There’s a new study in Journal of Autism and Developmental Disorders of anxiety in autistic adults that indicates anxiety diagnoses in 20.1% of us as compared to just 8.7% of neurotypicals. The authors suggest possible explanations for this discrepancy drawn from both the social and medical models of disability.
Higher rates of anxiety disorders in people with ASD may occur for a number of reasons (Kerns and Kendall 2012). For example, people with ASD may be more likely to experience peer rejection and prevention or punishment of their desired behaviours (for example restricted, repetitive interests). Additionally, social difficulties such as repeated experiences of misinterpreting social situations or communication leading to misunderstandings may produce anxiety, particularly in social situations. In typically developing adolescents and those with ASD, social difficulties have been associated with increased anxiety (Bellini 2006) and in particular an individual’s perception of their social skills difficulties is predictive of social anxiety (Bellini 2004). The impact of social stressors may be increased by a biological vulnerability to anxiety. For example, limbic system dysfunction and behavioural inhibition are associated with both ASD and anxiety disorders. Lower arousal thresholds in the amygdala associated with behavioural inhibition may in turn result in people with ASD avoiding and being conditioned by negative experiences (Bellini 2006). Sensory over-responsivity has also been suggested as a possible cause of anxiety disorder in ASD (Mazurek et al. 2013), causing problematic fears to develop as a result of increased sensitivity to certain stimuli. In OCD, whilst obsessional thoughts are common in the general population, it has been suggested that the cognitive deficits associated with ASD may influence the manner in which these thoughts are appraised, resulting in more anxiety and the development of OCD (Russell et al. 2005).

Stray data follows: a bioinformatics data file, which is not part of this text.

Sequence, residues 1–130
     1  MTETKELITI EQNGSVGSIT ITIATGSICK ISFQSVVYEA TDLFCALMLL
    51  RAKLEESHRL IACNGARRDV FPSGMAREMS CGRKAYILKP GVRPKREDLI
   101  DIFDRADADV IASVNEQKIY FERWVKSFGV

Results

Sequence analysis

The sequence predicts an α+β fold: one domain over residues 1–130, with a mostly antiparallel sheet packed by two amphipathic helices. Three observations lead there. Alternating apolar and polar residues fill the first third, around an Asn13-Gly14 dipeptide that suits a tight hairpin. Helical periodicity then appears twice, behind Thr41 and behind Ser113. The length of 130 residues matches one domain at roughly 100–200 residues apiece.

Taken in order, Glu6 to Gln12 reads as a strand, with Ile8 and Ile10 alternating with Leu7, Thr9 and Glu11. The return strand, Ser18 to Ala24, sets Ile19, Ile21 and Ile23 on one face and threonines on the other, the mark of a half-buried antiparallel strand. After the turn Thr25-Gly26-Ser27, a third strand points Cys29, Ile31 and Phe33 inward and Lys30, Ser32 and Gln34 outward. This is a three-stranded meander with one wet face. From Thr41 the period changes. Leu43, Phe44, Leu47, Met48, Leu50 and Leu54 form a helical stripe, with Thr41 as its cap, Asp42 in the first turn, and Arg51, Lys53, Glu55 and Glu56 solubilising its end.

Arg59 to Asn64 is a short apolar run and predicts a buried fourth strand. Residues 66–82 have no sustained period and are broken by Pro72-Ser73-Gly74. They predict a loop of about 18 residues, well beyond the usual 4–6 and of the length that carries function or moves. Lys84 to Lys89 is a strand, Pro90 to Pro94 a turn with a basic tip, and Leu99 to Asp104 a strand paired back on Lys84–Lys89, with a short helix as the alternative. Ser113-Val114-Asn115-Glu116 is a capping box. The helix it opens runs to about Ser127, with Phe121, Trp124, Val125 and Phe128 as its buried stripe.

(My own co-morbid diagnoses were social anxiety and obsessive-compulsive disorder. Should I ever find my way back to a mental health practitioner covered by insurance, I fully expect there’s at least one more co-morbid diagnosis lurking in there, somewhere.)
This argument that that both external conformity pressures and internal neurological pressures likely play roles in autistic anxiety squares with my own experience, and, I think, likely that of many other adult autistics.
Conformity pressures can be confronted fairly directly through our own individual and collective self-advocacy.
What potentially stymies addressing the neurological pressures, however, as the study’s authors point out, is the relative lack of clear and certain knowledge of how both psychotherapeutic and pharmacological methods devised for neurotypical brains impact autistics.
For all those reasons and more, this study definitely will get linked on my How To Avoid Providing Mediocre Support reference site for my medical, mental health, and social services practitioners.